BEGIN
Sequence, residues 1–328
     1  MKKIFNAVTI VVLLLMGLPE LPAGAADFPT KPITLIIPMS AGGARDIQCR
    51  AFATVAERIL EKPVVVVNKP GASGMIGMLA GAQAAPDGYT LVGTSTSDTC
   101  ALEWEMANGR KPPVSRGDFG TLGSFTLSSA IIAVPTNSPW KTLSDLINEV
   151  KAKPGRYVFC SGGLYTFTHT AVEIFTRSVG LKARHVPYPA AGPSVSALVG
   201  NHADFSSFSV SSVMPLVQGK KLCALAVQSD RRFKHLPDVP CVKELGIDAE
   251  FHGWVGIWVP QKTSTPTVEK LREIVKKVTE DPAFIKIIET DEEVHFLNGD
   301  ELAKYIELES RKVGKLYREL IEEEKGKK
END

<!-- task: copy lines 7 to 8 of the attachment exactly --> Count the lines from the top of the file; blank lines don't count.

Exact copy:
   251  FHGWVGIWVP QKTSTPTVEK LREIVKKVTE DPAFIKIIET DEEVHFLNGD
   301  ELAKYIELES RKVGKLYREL IEEEKGKK